As shown in a CPS report published yesterday, MPs are again struggling to understand how important it is that Britain remains able to keep the lights on. Now that we're in the election season, it is worth remembering that Labour should have ordered replacement nuclear capacity no later than 1999 (based on a ten-year build time) but still hadn't done so in 2010. Perhaps tough decisions like nukes didn't fit well on Tony's "sofa".
Worse still, through various BNFL deals, the government found itself owning Westinghouse Electric, probably the world's leading builder of reactors. Gordon Brown put it up for sale for $1.8bn in 2006, and was surprised when buyers offered him $5.4bn for it. Brown appears to have understood the value of Westinghouse, and the impending resurgence of nuclear, about as well as he understood the value of gold.
So the Coalition inherited a nuclear replacement situation 10 years behind schedule, and lacked the domestic technology thanks to Gordon's fire-sale.
Part of the Coalition's solution is to assume diminishing energy use in the future. That might be realistic, but only so long as we have no ambitions to expand the manufacturing share of the economy.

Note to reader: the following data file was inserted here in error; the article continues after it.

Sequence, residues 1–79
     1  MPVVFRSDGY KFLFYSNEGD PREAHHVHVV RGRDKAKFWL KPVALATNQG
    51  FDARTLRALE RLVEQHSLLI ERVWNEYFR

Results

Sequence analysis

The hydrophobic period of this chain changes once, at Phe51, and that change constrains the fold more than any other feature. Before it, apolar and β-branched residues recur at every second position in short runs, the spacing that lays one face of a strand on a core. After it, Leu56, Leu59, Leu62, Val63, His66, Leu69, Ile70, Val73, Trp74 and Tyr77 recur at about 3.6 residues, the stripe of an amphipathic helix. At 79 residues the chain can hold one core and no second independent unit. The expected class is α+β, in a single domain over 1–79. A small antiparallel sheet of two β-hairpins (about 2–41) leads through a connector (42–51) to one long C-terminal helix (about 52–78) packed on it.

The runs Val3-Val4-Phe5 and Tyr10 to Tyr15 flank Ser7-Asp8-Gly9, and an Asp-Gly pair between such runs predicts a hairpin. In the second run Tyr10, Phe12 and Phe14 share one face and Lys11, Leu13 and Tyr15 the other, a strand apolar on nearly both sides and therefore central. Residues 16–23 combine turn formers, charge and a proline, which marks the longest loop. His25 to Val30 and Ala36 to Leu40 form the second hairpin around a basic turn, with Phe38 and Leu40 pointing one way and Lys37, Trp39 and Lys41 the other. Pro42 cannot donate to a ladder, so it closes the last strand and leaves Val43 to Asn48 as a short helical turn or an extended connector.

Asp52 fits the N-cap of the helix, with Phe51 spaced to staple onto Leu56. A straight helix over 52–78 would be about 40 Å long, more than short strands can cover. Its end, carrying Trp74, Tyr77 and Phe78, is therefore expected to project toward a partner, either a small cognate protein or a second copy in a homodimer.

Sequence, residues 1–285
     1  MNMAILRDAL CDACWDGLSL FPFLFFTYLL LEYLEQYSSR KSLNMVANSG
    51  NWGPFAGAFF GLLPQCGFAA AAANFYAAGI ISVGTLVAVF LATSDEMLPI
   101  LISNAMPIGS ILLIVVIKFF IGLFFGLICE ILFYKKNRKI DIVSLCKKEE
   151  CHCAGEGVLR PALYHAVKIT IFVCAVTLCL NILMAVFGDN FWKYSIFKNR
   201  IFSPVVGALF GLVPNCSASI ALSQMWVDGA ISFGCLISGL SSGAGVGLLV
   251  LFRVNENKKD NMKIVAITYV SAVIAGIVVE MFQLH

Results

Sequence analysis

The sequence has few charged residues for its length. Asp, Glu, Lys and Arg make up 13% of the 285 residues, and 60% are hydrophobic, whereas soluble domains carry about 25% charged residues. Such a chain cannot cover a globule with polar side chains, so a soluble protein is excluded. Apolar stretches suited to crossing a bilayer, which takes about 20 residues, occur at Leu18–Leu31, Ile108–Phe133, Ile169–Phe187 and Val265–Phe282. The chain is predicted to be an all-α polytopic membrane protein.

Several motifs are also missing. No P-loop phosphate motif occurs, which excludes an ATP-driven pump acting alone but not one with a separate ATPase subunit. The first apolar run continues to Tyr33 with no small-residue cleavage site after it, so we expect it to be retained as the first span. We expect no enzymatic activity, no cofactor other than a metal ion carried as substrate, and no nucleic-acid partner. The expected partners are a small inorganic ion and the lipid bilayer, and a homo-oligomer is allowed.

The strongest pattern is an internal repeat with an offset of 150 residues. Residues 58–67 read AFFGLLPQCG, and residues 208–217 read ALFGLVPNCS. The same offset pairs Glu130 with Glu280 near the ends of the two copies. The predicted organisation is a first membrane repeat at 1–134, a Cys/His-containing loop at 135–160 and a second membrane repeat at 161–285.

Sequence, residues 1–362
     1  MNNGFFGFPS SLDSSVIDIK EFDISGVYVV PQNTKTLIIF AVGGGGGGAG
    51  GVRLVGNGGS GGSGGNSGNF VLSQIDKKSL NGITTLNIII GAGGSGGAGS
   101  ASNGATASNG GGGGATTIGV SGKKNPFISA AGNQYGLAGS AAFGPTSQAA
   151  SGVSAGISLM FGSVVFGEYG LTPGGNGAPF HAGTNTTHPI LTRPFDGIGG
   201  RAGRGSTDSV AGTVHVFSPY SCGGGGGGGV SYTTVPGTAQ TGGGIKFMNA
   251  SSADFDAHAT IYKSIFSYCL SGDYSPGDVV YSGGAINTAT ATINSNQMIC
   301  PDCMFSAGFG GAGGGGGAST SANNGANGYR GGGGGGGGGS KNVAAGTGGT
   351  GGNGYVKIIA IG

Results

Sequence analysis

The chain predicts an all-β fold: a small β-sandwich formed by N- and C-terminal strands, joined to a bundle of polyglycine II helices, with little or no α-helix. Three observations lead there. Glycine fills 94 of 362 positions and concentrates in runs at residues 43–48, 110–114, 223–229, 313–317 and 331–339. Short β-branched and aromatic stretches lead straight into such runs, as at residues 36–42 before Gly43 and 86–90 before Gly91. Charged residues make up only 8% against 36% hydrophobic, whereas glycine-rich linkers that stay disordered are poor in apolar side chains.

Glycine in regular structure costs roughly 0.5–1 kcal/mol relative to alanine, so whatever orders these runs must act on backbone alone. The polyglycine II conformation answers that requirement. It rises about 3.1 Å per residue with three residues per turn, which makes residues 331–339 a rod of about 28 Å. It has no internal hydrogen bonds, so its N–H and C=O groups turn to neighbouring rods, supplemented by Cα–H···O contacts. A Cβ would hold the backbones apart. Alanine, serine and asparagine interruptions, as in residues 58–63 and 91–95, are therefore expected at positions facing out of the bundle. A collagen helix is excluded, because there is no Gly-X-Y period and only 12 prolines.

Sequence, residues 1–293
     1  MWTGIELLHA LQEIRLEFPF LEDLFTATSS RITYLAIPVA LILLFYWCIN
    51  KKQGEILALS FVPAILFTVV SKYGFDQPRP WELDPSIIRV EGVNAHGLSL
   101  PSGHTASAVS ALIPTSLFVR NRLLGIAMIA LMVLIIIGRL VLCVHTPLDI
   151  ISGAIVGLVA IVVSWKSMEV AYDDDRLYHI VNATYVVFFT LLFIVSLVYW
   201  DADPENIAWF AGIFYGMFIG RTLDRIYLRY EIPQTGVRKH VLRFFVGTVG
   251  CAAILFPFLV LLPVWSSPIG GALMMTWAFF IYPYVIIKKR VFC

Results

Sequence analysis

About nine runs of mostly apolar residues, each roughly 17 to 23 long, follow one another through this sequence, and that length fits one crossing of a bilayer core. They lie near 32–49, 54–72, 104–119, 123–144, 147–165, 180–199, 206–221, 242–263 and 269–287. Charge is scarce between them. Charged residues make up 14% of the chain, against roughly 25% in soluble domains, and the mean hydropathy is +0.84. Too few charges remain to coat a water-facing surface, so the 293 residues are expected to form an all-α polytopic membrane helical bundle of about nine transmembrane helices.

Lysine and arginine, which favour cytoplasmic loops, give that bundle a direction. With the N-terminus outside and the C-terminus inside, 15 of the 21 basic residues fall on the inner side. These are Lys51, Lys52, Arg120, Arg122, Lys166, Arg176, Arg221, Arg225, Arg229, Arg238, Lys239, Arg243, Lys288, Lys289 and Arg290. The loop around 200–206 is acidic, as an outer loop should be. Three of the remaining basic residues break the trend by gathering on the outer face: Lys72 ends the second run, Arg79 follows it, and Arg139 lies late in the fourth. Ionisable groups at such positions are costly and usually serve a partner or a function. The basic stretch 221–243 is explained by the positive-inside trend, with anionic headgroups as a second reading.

For “big society” Conservatives, an effective future energy policy could play to "localism" pretty well. Whereas fossil and nuclear stations benefit from economies of scale, this doesn't apply in the same way to solar power, where the best answer can be mid-sized solar farms serving small localities.
I hope no one is pinning their hopes on a long period of $50 oil. That price will continue only until Saudi Arabia et al have undermined US shale, and oil markets are likely to start to tighten from the second half of 2015 anyway.*
I’m on record as a shale sceptic, and I've never believed in betting the house on it – but even I can see the merit in a pilot programme!
*For a contrary view see Deploying the Saudi Oil Weapon Against Russia
Tim Morgan was global head of research at Tullett Prebon plc from 2009 to 2013, and is author of Life After Growth (Harriman House, 2013), and numerous influential papers published by the Centre for Policy Studies.